“You can have an instance where a backing track is played in a session, you’ll write to it, then the person who played it goes, ‘Oh, five people made this backing track’,” explains Fraser T Smith, who’s worked with Adele, Sam Smith and Lily Allen, as well as a number of UK MCs like Kano and Tinchy Stryder. This is how, say, 21 people were involved in Kanye’s "All Day". “You’ll especially find that sort of situation in hip-hop and dance music. What was once classed as production is now classed as writing,” Smith adds.
It's one thing to have a song like "All Day" where you quietly credit all your collaborators, but for it to truly be ghostwriting - there has to be some degree of misinformation. Depending on your definition of ghosting, adding your name to a song’s credits can be as significant as taking someone else’s name off. Both have the same purpose: passing off someone else’s work as your own, which will benefit either your credibility, your bank balance, or both.
Fraser T Smith, our UK pop manager, and Austin from 1Xtra each told Noisey that ghostwriting was far more prevalent in the US than in the UK, so let’s speak to someone in the US to find out what’s going on. On the blower is Chris Anokute, an A&R executive who’s worked at Island Def Jam, Capitol and Universal Motown. He currently manages Bebe Rexha, the artist and writer responsible for the Rihanna hook in Eminem’s "Monster". “Well,” he begins. “I’ve never been in the position where we as a major label would hire someone to ghostwrite. That’s just illegal! Nobody’s going to do that!”
But — and this is a big but — he does talk of ‘work for hire’ arrangements, where someone’s involvement in a song is bought out. This is roughly equatable to not having to give 20p to the plumber who fixed your toilet every time you take a dump.
“How it works is that we’d just pay you out for the songs, and we’d own the rights,” explains Anokute, who’s worked on music for Katy Perry, Rihanna, Joss Stone and many others. “It’s a business transaction. I remember once there was a 19-year-old from Finland; they’d written an incredible song. We offered them $10,000 for the song and they signed the song over to us. It wasn’t credited to them, because it was a work for hire arrangement.”
Tracks like that can then be credited however one pleases. Anokute gives an example of how those writing and production credits you see on liner notes and Wikipedia, and which many take as gospel, are open to manipulation. “We don’t have to credit any producer on any album,” he states. “It’s not the law, it’s a courtesy. Imagine I’m Berry Gordy at Motown Records. I hire Smokey Robinson to produce a record, I pay for the master, I can put it out as ‘produced by Berry Gordy’.”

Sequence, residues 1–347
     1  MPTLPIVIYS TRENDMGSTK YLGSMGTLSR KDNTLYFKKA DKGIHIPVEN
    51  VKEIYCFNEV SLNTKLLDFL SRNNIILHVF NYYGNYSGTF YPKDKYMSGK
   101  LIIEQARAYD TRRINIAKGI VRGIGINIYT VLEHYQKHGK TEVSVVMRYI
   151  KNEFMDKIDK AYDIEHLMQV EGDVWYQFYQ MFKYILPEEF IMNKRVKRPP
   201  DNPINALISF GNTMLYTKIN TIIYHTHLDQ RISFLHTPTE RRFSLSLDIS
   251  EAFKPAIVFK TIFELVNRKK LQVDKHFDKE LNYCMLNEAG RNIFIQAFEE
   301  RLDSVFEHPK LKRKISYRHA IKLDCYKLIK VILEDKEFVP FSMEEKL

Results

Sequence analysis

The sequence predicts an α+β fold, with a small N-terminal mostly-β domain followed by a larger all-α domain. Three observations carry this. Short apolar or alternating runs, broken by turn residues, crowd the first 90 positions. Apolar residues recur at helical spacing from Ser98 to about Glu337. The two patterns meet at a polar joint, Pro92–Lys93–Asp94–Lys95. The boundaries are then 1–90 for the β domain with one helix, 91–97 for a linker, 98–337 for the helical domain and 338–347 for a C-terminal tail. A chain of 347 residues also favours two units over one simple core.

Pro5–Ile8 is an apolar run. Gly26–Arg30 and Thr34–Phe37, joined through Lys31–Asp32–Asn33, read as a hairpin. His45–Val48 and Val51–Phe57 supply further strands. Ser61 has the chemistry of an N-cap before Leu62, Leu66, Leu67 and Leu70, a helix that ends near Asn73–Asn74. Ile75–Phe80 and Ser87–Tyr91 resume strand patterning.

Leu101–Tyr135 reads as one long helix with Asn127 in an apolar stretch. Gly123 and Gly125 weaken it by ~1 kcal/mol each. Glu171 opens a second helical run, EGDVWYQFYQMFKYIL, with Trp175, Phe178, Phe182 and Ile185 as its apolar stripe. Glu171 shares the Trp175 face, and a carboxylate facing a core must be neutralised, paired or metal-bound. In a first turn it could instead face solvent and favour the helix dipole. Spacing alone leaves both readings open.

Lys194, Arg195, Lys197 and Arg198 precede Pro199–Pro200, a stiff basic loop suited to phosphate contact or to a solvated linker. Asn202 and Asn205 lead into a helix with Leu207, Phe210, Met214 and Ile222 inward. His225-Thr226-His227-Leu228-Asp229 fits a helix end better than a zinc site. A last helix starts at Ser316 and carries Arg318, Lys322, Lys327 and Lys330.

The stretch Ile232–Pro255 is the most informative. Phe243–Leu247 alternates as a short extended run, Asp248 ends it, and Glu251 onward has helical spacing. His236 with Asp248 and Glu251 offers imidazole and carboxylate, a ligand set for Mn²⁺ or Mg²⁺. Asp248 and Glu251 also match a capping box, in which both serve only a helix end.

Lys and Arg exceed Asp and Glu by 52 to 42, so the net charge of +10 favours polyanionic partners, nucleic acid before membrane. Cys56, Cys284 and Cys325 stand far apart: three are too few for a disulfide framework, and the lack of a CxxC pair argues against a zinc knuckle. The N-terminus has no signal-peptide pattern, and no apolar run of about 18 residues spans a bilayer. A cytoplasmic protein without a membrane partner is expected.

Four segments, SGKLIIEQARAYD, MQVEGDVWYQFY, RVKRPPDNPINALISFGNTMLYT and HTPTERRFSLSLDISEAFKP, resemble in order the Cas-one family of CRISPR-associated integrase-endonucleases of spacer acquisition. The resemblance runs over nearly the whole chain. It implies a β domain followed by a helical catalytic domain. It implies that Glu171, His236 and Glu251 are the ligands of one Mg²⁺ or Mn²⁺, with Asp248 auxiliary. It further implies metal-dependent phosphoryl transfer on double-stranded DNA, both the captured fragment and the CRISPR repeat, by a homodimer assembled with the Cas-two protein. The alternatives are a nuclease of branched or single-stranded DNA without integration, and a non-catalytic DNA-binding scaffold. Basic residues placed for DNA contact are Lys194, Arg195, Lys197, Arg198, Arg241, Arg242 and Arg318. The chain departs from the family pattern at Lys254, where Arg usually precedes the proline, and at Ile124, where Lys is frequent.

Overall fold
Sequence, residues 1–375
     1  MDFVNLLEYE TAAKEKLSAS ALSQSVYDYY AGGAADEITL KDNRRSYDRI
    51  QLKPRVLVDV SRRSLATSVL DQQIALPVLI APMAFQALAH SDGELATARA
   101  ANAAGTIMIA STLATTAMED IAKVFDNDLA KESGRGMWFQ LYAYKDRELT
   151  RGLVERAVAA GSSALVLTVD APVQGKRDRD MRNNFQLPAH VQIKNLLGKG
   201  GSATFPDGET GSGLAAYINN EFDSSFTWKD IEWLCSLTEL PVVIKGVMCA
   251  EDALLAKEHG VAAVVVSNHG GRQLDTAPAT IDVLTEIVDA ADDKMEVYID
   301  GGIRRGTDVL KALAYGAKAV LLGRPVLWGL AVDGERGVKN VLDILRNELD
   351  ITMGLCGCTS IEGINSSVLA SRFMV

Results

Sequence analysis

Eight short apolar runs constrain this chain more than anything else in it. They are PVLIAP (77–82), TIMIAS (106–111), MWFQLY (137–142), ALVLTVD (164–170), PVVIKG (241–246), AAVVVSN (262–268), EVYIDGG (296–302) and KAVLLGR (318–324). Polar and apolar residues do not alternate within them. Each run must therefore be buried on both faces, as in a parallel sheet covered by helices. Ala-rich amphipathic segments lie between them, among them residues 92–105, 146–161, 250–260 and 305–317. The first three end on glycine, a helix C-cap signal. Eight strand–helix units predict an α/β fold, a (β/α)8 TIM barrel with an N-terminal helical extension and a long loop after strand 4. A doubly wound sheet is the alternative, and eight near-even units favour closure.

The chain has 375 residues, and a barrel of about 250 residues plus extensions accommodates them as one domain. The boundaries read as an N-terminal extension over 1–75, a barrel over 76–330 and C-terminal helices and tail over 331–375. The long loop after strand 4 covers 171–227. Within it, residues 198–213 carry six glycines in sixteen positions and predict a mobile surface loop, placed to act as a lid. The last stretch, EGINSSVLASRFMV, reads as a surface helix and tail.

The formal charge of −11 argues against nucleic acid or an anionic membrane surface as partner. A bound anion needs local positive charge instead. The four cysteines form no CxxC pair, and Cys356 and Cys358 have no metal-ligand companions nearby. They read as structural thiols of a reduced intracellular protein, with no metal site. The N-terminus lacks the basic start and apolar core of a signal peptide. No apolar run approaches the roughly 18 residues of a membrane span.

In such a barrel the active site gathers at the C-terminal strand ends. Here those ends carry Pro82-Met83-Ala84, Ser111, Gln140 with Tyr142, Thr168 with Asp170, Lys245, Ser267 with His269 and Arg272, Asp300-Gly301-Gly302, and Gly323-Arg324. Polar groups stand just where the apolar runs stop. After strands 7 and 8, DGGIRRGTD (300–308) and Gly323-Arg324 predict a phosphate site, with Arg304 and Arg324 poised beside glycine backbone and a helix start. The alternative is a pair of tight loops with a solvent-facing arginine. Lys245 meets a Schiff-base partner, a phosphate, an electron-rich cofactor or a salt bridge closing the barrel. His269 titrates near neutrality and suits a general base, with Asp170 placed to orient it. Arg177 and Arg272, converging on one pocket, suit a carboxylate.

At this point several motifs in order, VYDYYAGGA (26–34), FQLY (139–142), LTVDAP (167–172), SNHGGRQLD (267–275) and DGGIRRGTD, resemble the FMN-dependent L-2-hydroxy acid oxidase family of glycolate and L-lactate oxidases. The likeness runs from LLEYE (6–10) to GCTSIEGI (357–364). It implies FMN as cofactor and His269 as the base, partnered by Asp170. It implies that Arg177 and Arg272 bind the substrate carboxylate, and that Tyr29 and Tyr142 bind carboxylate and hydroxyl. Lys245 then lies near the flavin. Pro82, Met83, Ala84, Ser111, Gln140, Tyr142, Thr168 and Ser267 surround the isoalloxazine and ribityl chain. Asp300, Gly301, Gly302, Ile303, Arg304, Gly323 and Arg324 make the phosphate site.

I ask Fraser T Smith what would happen if one of his songs ended up in the hands of — to pluck a name out of the air — Beyoncé. He’s presented with a hypothetical scenario: she wants the song, but wants Fraser’s name taken off. “No,” Smith says. But is there room for financial negotiation? “No.” How about $5m cash? “No. Hand on heart. That sets a terrible precedent.” But he does make a concession. “I’m in a very fortunate position, having earned money from songs over the years. If you’re asking what I’d have done fifteen years ago, that’s a different question.”
And that’s a real question that faces a lot of producers, particularly in the electronic sphere, where ghostproduction is as problematic as ghostwriting is for the Drakes of this world. Chris Anokute explains: “There’ll be some kid from Sweden who’s a genius on Ableton Live, and some DJ will give them $50,000 for 20 beats. They want to get into the business, so they say yes. But nobody puts a gun to your head and says sign over the music. You do have a choice. You can say no.”
When Martin Garrix was accused of using a ghostproducer on "Animals", he responded with a livestream that went on for nearly two hours during which he showed, in mind-numbing detail, every step of the song’s creation. The plot then thickened when Garrix admitted that although he hadn’t used a ghostproducer for his own tracks, he was signed to Spinnin’ Records after he’d ghostproduced another hit on the label.